A common thread among clients who come to me for self-empowerment counseling is “Why do people use me?” And they groan, “Why me?” And they whine, “I’ll never get what I want because of _____.” I tell them to fill in that blank with, “because I allow myself to be a victim.” People don’t make […]
Today is Day 16 of my 31 Days of Self-Love posts to celebrate Self-Love Month with suggestions for jumpstarting your own self-love.
We often confuse doing someone a favor with feeling an obligation to do something for someone. DoorMats see doing favors as an obligation, which is so not what favor means. When I was a DoorMat, any time I got a request I felt obligated to fulfill it, often at my own expense. My need to please everyone made everything my duty. I didn’t recognize I had a choice to say yes or no. Fear of angering someone negated my having one.
I finally learned that not feeling obligated to help everyone said, “I love me!”. A good friend asked if I could do her a favor and fill in for her at a charity event. She watched as I mulled over how I would do it as I had something else I had to take care of. My stress was visible as I juggled time in my head about how to fit it in. She stopped me in my tracks, or I should say in my thoughts, and said if it was going to make me crazy to do her this favor she could ask someone else. I shouldn’t feel obligated if I was too busy.
That was the first time I recognized I had a choice about whether I could, or should, do a favor if it inconvenienced me greatly.
There were no hard feelings or arguing. She made me say no to the favor. It actually felt great to realize I had choices like everyone else. I didn’t always have to do things for others just to make up for what I saw as my shortcomings. My friend said I do too much for others and need to start picking and choosing the favors I did. It was an eye-opening moment that helped me begin to say no to things I didn’t want to do or didn’t have time for.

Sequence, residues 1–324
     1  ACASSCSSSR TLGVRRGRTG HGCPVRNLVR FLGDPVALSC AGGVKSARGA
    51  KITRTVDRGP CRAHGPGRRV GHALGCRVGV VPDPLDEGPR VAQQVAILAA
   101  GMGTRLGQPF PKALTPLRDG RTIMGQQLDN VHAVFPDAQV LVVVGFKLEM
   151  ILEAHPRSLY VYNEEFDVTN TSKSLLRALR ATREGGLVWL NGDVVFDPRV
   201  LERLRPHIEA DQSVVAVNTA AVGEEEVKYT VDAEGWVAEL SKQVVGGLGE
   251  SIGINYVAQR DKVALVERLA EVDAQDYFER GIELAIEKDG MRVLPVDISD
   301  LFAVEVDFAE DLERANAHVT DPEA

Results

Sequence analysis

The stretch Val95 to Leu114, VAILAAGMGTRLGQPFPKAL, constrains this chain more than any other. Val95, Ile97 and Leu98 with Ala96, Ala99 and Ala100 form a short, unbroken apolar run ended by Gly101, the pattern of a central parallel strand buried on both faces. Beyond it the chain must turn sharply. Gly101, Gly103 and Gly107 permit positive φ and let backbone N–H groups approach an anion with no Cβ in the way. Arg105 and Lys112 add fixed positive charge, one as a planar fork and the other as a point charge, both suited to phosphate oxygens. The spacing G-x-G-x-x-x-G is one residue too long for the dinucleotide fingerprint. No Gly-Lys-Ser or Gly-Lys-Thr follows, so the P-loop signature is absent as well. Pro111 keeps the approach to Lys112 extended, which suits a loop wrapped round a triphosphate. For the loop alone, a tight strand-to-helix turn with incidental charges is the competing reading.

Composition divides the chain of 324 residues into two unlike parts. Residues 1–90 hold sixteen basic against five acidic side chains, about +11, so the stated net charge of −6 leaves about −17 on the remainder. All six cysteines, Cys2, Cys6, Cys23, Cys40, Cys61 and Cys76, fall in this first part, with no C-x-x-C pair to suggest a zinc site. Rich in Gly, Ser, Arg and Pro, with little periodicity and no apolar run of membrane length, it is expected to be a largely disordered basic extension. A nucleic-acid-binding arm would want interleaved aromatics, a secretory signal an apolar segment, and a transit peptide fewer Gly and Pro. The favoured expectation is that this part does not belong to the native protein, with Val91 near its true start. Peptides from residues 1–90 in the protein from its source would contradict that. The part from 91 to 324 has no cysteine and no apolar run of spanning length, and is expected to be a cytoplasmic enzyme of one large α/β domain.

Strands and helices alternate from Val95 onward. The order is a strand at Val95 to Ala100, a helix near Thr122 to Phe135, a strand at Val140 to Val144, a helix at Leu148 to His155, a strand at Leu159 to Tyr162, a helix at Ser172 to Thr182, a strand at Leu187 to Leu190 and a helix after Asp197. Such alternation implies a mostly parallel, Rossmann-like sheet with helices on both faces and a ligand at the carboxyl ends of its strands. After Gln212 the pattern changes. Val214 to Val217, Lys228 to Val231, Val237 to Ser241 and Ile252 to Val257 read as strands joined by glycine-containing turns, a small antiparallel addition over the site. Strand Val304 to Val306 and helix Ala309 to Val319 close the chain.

The big lesson: Doing a favor is your CHOICE. People ask if you can do it because they know you might not be able to.
I made every favor into an obligation but didn’t have to. And I learned the difference between favors and obligations. A favor is something you choose to do, or not do. An obligation is something you’ve committed to and must honor that commitment. Paying your rent is an obligation. Loaning money is a favor. Honoring your commitment to do something is an obligation. Watching someone’s kids is a favor. When you understand the difference, you can give yourself permission to turn down favors that you can’t or don’t want to do.
Your obligation should be to take care of yourself, first and foremost. That means only agreeing to do favors that don’t put you out or stress you out. Next time you’re asked to do something, tell the person you’ll get back to her and then think about whether you feel obligated for real to do it or if you’d just do it to please the person. Choose to only do favors that work for your schedule and overall well-being. Remember, your first obligation is to make yourself happy, which means not doing favors that aren’t in your best interest. That’s says, “I love me!”
Take the 31 Days of Self-Love Challenge–a pledge to do something loving for yourself for the next 31 days–and get my book, How Do I Love Me? Let Me Count the Ways for free at http://howdoiloveme.com. Read my 31 Days of Self-Love Posts from 2011 HERE.
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